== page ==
Vindicator. Credit: Rockfish
Vindicator. Credit: Rockfish

My normal workhorse brushes are Rosemary & Co Series 33 #4s, which is a fairly similarly sized brush if a touch smaller. I found the Artis Opus to be a little ‘softer’ from the start, which makes for a nicer experience when glazing as you don’t need to break in the brush as much. I didn’t see any issues when using the brush otherwise and it didn’t come with the over-length ‘guide’ hair that the R&Cs tend to have, which can often result in a tiny blob of dried paint in an area where the body of the brush can’t keep wet with paint. If I have a minor complaint it’s that their softness means they tend to expand a lot when heavily loaded with thinned washes, so you might need to use a smaller size if you tend towards doing that sort of thing.

Banshee. Credit: Rockfish
Banshee. Credit: Rockfish

Artis Opus seems to offer a great ‘out-of-the-box’ experience, while I’ve only used the other sizes a little bit they all seemed consistently good from the start, but I can’t say I have used them enough to say how long the brush will last. Brushes for me usually last 3-4 months, but I tend to put them through the wringer with my usual volume of stuff so that’s hardly a complaint about brushes. So far in my month of use, the Artis Opus seems to be pretty comparable to when I first picked it up, I’ve definitely picked up some paint in the ferrule from capillary action with very heavily thinned paints and washes but it doesn’t seem to be affecting performance yet.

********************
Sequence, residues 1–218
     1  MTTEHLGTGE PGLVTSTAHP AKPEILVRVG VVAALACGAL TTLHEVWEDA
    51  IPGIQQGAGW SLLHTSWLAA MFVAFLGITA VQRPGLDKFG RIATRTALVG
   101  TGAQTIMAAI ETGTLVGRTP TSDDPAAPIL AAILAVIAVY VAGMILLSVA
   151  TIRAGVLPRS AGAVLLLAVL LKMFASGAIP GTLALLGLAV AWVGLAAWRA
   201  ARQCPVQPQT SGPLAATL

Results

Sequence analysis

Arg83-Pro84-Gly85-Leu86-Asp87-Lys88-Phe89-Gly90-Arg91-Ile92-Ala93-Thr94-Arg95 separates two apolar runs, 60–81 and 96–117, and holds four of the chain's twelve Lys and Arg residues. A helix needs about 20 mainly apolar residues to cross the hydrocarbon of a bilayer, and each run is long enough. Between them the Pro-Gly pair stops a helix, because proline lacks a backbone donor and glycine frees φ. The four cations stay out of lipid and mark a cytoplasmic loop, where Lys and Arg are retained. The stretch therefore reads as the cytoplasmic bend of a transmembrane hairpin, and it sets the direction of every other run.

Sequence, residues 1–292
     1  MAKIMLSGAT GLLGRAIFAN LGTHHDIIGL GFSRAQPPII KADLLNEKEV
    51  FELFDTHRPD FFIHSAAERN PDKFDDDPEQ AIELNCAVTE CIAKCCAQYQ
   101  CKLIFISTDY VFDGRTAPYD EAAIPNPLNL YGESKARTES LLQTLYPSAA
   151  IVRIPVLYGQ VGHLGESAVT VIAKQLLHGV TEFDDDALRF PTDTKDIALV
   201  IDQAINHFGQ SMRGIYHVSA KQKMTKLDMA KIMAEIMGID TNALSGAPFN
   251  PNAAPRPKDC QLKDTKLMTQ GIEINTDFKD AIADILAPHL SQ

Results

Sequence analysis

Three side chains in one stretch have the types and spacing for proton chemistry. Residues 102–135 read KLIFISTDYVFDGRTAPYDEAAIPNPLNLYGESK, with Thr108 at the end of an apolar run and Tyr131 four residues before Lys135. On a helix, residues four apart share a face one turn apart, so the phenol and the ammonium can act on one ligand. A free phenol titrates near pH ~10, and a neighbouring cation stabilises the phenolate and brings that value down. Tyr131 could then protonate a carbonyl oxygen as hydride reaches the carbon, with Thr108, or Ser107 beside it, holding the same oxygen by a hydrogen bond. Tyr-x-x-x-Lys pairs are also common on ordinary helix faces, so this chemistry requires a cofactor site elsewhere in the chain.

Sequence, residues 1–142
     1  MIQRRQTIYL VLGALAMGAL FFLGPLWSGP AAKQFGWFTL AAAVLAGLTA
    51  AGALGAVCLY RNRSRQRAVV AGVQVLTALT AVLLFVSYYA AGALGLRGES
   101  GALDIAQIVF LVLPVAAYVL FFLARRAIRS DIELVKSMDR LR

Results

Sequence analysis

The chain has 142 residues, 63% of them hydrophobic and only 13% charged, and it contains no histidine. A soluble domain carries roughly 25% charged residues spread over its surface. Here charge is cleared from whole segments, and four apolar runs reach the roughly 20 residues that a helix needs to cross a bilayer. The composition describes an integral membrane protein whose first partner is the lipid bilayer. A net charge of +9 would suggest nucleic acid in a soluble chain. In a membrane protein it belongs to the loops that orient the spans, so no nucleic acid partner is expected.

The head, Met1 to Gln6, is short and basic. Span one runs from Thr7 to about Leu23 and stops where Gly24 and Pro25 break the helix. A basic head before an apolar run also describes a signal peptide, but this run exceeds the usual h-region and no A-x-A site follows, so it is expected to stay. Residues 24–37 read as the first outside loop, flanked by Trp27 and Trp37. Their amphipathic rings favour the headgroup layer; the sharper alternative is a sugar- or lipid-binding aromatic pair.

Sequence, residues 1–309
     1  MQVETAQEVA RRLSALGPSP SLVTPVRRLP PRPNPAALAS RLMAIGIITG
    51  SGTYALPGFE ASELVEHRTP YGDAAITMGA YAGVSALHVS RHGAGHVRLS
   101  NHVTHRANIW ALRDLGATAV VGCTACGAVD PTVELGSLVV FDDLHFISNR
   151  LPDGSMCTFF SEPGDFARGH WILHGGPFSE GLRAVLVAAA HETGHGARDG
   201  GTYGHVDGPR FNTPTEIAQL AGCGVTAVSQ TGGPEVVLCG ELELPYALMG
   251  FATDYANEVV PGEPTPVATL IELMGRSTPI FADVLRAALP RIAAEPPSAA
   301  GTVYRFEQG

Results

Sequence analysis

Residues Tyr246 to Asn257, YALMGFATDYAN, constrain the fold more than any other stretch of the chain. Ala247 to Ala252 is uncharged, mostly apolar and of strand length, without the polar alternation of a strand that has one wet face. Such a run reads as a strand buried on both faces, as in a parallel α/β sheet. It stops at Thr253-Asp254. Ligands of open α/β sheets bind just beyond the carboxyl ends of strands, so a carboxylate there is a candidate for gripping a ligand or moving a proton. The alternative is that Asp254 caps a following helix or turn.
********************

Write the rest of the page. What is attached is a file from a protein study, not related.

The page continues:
Would I recommend the Artis Opus brushes? For sure, I’ve been happy with my use of them so far and if you are gentle on your brushes I expect you can get enough life span out of them to not feel too bad about the price. If you are more on the… destructive side, I might suggest picking up some of the smaller ones and keeping to the cheaper brushes for bulk duty, I tend to have detail brushes in the 10/0 – 0 range that I use for special purposes and can last for literal years. For those sizes in particular, quality control and build matter a lot, since there are so few bristles they each have to be pulling their weight.


I have been using Rosemary & Co. series 33 brushes and my painting method has centered around a #1 size brush for base coats, then coming back in with a 0 or 2/0 for precision layering and detail work. Initially the #1 would have done the detail work also, but when the point wore out I moved on to the smaller brushes. My painting method tends to be close to a Games Workshop style workflow: base coat, wash if applicable, then layering up with progressively lighter color towards where the light should fall, and a deep line shadow with a dark color if applicable. My layering tends to be sketchy, with stippling and slashes.

Emperor’s Children Chaos Marine. Credit: Skails

The first Artis Opus S series brushes I tried out were the #5 and #3. Their ability to quickly get base coats on and do broad highlighting is impressive. The points are also precise enough to do bigger detailing.

Emperor’s Children Chaos Marine. Credit: Skails

The brush I find myself keep coming back to is the #1. It has too fine a point for broad base coats. However it is exactly as precise as I want. It feels like the brush lays down paint precisely where I want to put it. It’s quite satisfying for the kind of line work I like to do.


Cities of Sigmar Ironweld Great Cannon. Credit: SRM